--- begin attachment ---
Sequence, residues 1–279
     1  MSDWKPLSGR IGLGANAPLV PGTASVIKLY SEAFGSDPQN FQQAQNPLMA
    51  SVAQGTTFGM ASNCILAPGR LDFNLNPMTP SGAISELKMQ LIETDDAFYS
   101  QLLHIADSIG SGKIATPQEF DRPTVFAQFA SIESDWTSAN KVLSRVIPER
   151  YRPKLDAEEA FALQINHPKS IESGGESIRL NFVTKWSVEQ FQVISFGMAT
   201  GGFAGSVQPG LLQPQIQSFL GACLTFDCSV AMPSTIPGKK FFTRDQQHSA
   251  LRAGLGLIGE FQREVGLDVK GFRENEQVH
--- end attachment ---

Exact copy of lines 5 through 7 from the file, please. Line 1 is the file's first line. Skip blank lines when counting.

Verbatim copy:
   151  YRPKLDAEEA FALQINHPKS IESGGESIRL NFVTKWSVEQ FQVISFGMAT
   201  GGFAGSVQPG LLQPQIQSFL GACLTFDCSV AMPSTIPGKK FFTRDQQHSA
   251  LRAGLGLIGE FQREVGLDVK GFRENEQVH